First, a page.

It was Miller who postulated the chemicoparasitic theory for the etiology of dental caries. After a century of research, it has now been established that Streptococcus mutans are associated with caries in humans. The saliva contains ≥106S. mutans/mL, which poses a very high caries risk.2 Many studies have shown that S. mutans usually exceeded 30% of the cultivable plaque flora.35 These high-concentration bacteremia in dental infection is shown to be associated with carious lesions, white spot lesions, and sound tooth surfaces near the lesions.

However, the concentration of S. mutans is less than 0.1% of the plaque flora in individuals with negligible to no caries activity.6 Hence, it is clearly indicated that dental caries is an infectious disease and that S. mutans is one of the main infectious agents; few studies79 also emphasize the role of diet in the clinical expression of this infection causing enamel destruction.

Recently it was observed that there is a spike in the use of plant extracts in modern medicine, which could be attributed to the search for effective, inexpensive, innocuous, and efficient alternatives. This led to the use of natural phytochemicals resulting from plants for curing diseases of the human body. One such herb is liquorice root. It is known to be used in Chinese medicine and Ayurveda for centuries. Liquorice belongs to the Glycyrrhiza species which is native to Mediterranean countries and Asia. The term Glycyrrhiza was coined from the ancient Greek words: “glycos” meaning sweet and “rhiza” meaning root.10 About 30 species are classified under the genus Glycyrrhiza, though the dried and skinned roots of G. glabra Linn. and G. uralensis Fisch. (Fam. Leguminosae) are the commonest sources of liquorice.

The rich secondary metabolites of liquorice have been related with various health benefits. It has shown to have a beneficial effect in the treatment of various diseases such as cancer, tuberculosis, atherosclerosis, gastric ulcers, immunodeficiency, hepatitis, and bacterial infections.1114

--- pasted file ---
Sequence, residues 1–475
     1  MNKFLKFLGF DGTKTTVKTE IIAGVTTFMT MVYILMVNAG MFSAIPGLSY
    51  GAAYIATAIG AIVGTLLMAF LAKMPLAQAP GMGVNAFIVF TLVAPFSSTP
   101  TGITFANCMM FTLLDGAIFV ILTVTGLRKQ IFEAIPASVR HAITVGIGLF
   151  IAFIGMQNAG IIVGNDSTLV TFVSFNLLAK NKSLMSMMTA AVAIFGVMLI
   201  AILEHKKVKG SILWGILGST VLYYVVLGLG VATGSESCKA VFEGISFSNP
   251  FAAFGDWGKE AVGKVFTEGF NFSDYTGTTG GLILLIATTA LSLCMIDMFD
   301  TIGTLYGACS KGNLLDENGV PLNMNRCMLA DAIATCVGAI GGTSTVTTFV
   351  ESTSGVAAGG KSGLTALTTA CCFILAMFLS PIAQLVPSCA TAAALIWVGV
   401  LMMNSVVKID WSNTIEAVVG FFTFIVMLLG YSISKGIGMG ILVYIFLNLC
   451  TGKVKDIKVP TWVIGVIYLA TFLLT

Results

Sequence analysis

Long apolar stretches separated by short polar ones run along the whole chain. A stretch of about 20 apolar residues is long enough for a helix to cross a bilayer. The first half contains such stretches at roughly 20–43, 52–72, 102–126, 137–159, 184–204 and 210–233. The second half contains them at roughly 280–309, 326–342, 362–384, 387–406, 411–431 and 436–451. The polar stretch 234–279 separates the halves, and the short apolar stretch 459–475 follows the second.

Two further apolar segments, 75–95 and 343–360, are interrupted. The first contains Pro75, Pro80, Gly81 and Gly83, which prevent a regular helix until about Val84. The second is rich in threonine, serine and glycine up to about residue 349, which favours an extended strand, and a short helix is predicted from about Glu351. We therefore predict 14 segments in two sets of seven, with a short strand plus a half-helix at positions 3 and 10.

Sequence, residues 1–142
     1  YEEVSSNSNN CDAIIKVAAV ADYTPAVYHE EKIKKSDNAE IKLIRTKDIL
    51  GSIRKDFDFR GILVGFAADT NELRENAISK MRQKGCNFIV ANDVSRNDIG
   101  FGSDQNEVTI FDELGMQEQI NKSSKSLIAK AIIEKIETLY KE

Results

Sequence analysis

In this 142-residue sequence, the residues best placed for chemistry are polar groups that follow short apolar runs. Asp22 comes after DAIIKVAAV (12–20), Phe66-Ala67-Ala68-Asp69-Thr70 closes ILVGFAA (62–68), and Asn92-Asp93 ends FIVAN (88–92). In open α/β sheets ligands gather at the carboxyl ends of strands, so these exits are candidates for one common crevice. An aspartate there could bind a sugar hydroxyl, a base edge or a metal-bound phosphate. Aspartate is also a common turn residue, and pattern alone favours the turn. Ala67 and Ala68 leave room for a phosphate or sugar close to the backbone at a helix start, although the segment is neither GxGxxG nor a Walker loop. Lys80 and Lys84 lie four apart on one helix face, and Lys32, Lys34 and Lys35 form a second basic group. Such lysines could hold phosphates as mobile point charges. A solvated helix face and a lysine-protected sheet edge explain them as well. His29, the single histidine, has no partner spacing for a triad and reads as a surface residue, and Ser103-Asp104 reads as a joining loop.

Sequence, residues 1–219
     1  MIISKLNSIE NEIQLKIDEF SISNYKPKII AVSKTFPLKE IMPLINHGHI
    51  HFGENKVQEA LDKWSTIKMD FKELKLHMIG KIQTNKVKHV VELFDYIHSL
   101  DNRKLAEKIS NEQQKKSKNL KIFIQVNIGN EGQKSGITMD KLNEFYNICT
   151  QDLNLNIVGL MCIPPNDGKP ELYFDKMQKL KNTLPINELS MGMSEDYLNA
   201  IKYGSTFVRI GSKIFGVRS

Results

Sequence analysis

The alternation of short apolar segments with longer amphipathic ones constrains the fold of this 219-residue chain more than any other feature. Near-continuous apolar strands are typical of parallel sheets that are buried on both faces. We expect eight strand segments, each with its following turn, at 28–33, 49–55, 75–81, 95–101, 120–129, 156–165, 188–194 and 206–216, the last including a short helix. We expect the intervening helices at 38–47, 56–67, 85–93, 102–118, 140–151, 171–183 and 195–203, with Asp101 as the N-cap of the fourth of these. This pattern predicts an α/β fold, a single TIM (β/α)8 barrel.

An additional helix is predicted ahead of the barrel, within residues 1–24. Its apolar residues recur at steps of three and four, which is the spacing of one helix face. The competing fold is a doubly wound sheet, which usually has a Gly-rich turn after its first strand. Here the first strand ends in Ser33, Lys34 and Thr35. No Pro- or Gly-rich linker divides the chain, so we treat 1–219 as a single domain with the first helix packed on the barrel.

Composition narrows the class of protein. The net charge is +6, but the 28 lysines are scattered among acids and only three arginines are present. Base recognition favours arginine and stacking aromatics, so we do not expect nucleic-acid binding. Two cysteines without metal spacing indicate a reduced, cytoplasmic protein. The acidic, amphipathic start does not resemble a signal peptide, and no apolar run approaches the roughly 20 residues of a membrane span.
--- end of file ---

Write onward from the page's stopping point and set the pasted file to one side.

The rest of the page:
The United States Food and Drug Administration (FDA) has generally recognized liquorice as safe. Hence, it is considered safe for human consumption as long as it is consumed in small amounts and by individuals who are not sensitive to glycyrrhizin.10

The anticariogenic properties of liquorice have been studied for many years; however, only a few studies assessing its anticariogenic role have been published. Pterocarpenes, namely, glycyrrhizol A and glycyrrhizol B and four other known isoflavonoids, namely, 5-O-methylglycryol, isoglycyrol, 6,8-diisoprenyl-5,7,40-trihydroxyisoflavone, and gancaonin G have been extracted by He et al. from the roots of G. uralensis, and it was observed that all these metabolites show activity against S. mutans, with glycyrrhizol A and 6,8-diisopreny l-5,7,40-trihydroxyisoflavone showing the highest antimicrobial activity against these bacteria.15

As the present pharmacological products contain various hazardous chemicals and carcinogenic compositions, it is necessary to discover the safer regimen for prevention of dental caries in pediatric population. The present study was done to evaluate the in vivo cariostatic efficacy of aqueous and ethanolic extracts of liquorice to ascertain whether it could be developed into a caries-preventive regimen basically targeted for use in the pediatric population.


A randomized controlled trial in the Department of Endodontics, Government Dental College, Patna (Bihar) was conducted from June 2019 to November 2019. Thirty children in the age-group of 6–12, with an informed written consent were included in this study. Children having at least 5 D in the decayed missed and filled surfaces (DMFS) score, which implies the caries’ active subject, who have not taken any antibiotic for the last 6 months, and are otherwise healthy with no infection other than caries were included in this study. Patients undergoing any dental treatment, which had received any antibiotic therapy within the past 6 months and/or are under any oral hygiene regimen including mouthwash, were excluded from the study.

Preparation of Liquorice Extract and Calculation Methods for MIC and MBC